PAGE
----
FWIW:  I am glad to have had the chance to get into development back in the late 70's.  Back then we packed quite the punch on very limited hardware like the Atari consoles and 8 bit computers like the C64 etc.  We did that by using mostly assembly code and using various hardware tricks, this is a lost art today.  Games and Applications have become bloated crap, and very few people innovate, most use 3rd party SDK's or worse they use code on the internet that they do not understand, especially for AI, pathfinding, and high speed rendering algorithms.  Sure, the graphics and sound are much better,  but not enough to explain the difference in size/bloat.  It's not that programmers don't want to make small and fast code, but today deadlines are short and investors/publishers are more interested in a cash grab than writing some solid code.  It is always great to roll your own engine, but very few projects will allow that, and if they do you can count on them to try and release as many games as they can with it, even if the engine becomes old and outdated!  That is why 3rd party engines are useful,  the developers of Unity, Unreal, Torque, and other engines can focus on optimizing the low level stuff while the game developers can work on the game logic.  BUT, they should have a VERY GOOD understanding of how the engine works so that their code does not run like crap with it.

Edited by StubbinMyToe

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@navlasop

Well, the slider just says "Graphics Quality" on my end (GOG, 1.03 without the hotfix yet), but I'm assuming it governs AA, yes. 


This statement is false.

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There's something wrong with the game performance. I can't run most maps at 60 FPS, especially in Defiance Bay and underground areas like sewers and dungeons. These places runs between 30 and 45 FPS and in combat I get some 1s drops below 30 FPS. Changing resolution doesn't do anything: the framerate is the same at 720p, 1080p and 4K! Also, loading times are terrible: the first one takes 1 minute and when changing maps 15-20 seconds.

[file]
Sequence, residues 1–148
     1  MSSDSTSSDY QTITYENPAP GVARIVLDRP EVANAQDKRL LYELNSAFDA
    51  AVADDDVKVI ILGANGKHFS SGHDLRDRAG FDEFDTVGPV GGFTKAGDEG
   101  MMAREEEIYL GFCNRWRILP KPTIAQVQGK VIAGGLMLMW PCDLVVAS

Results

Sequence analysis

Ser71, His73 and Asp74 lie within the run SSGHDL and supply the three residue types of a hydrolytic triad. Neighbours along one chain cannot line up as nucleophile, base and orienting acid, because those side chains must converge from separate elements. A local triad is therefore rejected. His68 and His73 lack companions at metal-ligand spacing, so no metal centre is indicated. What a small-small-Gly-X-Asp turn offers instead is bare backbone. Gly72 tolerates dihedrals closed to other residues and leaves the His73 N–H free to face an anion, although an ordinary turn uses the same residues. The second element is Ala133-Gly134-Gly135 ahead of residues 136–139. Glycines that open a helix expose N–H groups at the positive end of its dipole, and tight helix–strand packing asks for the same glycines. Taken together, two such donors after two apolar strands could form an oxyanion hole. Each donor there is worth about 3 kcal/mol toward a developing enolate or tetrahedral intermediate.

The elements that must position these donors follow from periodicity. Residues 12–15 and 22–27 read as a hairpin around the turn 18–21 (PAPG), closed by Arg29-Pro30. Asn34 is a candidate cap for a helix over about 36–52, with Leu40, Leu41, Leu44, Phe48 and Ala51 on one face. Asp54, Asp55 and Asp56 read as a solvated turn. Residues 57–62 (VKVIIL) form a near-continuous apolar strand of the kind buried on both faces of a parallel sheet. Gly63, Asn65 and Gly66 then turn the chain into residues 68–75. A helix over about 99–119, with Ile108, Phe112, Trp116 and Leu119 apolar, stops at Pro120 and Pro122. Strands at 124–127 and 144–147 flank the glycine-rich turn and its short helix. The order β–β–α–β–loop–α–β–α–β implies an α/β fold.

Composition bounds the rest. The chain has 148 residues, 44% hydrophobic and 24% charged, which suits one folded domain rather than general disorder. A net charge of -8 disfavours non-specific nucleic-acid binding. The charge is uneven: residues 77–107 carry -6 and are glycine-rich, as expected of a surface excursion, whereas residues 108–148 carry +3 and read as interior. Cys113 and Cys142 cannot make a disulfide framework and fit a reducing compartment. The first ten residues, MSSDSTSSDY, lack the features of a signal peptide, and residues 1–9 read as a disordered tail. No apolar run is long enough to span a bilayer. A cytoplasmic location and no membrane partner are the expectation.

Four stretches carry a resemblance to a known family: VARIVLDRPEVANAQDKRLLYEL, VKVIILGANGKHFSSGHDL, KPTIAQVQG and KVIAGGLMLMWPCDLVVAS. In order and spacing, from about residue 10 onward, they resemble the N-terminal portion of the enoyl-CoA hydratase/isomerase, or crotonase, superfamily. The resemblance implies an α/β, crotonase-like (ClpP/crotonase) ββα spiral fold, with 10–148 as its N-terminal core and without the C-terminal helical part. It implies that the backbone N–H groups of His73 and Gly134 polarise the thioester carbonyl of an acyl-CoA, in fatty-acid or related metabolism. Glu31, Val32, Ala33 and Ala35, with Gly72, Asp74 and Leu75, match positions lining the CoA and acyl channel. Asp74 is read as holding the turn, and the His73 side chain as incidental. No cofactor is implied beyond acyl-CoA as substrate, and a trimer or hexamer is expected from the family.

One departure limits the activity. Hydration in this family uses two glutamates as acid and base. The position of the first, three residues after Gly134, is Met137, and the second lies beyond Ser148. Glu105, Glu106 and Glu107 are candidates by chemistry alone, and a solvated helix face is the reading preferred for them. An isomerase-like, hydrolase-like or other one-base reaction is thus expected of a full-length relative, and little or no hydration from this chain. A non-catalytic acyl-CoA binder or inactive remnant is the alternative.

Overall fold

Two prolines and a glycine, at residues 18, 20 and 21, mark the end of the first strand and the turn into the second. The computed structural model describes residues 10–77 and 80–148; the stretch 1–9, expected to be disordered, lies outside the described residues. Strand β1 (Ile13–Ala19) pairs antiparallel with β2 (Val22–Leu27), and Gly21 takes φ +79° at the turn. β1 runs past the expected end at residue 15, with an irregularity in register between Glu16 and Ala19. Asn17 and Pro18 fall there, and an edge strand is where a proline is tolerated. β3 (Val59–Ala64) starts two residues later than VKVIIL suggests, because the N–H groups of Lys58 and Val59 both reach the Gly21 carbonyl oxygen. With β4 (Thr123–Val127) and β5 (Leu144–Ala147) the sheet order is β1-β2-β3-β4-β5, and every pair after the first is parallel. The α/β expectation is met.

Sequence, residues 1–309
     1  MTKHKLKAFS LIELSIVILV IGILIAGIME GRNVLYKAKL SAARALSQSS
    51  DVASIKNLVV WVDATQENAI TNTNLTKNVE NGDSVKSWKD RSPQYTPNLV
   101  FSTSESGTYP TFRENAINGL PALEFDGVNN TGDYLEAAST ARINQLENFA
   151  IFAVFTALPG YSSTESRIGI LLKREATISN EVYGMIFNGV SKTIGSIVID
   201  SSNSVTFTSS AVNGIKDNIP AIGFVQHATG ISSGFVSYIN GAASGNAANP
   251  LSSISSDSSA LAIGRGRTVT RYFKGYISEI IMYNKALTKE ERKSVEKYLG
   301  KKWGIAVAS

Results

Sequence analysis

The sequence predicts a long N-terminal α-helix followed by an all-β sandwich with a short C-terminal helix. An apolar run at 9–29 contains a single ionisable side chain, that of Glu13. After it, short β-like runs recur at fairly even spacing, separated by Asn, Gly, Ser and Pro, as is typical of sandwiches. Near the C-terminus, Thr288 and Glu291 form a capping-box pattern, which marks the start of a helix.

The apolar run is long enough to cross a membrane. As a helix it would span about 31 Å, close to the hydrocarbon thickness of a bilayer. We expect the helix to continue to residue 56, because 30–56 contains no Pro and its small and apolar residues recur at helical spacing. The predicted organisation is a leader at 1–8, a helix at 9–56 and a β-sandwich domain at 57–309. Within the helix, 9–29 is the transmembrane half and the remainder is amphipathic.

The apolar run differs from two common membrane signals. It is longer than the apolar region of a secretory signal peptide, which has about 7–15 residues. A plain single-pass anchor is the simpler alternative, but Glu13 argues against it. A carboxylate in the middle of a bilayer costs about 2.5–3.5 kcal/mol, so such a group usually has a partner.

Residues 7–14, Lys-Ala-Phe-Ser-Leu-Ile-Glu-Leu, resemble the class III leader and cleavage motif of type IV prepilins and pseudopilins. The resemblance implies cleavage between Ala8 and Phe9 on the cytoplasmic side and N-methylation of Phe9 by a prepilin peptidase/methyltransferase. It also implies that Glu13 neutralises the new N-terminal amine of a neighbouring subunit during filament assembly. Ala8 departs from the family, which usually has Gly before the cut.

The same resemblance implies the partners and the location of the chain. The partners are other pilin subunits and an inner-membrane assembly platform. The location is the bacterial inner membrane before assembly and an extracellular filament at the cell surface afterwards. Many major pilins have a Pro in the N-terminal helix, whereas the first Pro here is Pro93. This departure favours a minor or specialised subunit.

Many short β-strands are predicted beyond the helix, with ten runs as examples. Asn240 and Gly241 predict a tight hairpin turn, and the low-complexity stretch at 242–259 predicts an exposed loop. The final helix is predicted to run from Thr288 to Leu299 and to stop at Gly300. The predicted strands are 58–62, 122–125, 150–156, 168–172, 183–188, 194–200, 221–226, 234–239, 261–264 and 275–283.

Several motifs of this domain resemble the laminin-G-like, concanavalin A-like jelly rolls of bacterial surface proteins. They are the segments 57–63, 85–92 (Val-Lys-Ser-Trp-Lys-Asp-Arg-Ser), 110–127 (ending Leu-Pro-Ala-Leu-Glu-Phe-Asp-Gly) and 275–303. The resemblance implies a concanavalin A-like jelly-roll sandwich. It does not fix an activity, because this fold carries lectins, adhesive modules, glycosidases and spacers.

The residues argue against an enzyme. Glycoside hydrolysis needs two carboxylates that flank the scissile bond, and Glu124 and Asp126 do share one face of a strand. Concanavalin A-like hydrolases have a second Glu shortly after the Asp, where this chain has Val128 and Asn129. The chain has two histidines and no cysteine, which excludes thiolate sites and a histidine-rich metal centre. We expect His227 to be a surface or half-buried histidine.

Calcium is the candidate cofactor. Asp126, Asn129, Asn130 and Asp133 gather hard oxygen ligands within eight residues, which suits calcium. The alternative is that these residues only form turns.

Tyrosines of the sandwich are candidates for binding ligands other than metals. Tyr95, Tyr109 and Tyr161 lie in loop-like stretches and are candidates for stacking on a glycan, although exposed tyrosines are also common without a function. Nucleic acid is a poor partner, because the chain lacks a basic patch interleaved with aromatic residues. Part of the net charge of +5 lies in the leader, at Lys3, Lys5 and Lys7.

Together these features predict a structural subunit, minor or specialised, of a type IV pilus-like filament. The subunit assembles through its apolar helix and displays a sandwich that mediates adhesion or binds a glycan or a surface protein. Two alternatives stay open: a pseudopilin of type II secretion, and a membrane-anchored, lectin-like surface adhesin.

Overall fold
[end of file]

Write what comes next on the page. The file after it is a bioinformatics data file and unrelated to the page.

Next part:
The temps are low and the CPU usage doesn't go above 35% (this is probably the issue here).

 

This is my computer:

 

AMD FX-8320 3,5ghz

8 GB DDR3 1600mhz

Nvidia GTX 760 2GB GDDR5

Windows 8.1 x64

I fixed the problem by uncheking the Fullscreen option in the graphics menu. Can you believe it?

 

The game still runs in fullscreen (borderless fullscreen), but the performance improved a lot. Now I get constant 60 FPS anywhere but in Copperlane like most ppl.

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Good for you and thanks for sharing. Doesn't seem to be blanket fix though, at least not for me.

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Nice try but wrong, looking at frame rates does not tell you anything about the engine because you do not see the code in a profiler to see where the bottle necks are.  There are ways to control your memory footprint and other things if you know what you are doing, people do it all the time on mobile devices. 

 

Have you developed any native engines?  I have, many times over the past 30 years as a developer.

 

It's incredible how arrogant you are. You don't need to be able to write code to observe how **** an engine performs, especially when you have other engines to compare it to. Now, if you want to understand WHY it performs like ****, then yes you'll be able to understand the code the engine is written in.

Explain to me why all the Crysis games run perfectly stable (except the first one, but that one is famous for bad optimization), why Dark Souls 2 (dx11) runs at perfect 60fps without even one dip with a lot of particles and models on screen, why Dota 2 (a ****ing RTS-style game) also runs perfectly stable while having A LOT more going on than Pillars of Eternity. Even Arma 3 runs at constant 40+, and the arma engine is famous for being absolutely awful when it comes to performance.

No, you don't ****ing need to understand code to realize that the Unity engine is complete ass at efficient resource usage.


I hate Unity.

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OK, on top of the generally poor performance of the game, there also appears to be memory leak issues which degrade performance over a play session:

 

http://forums.obsidian.net/topic/73539-performance-drop-after-a-few-map-transitions

 

Is anyone else noticing performance degrading over time? I would guess it would be more noticeable on weaker PCs since more powerful machines have more headroom before performance is affected.

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Nice try but wrong, looking at frame rates does not tell you anything about the engine because you do not see the code in a profiler to see where the bottle necks are.  There are ways to control your memory footprint and other things if you know what you are doing, people do it all the time on mobile devices. 

 

Have you developed any native engines?  I have, many times over the past 30 years as a developer.

 

It's incredible how arrogant you are. You don't need to be able to write code to observe how **** an engine performs, especially when you have other engines to compare it to.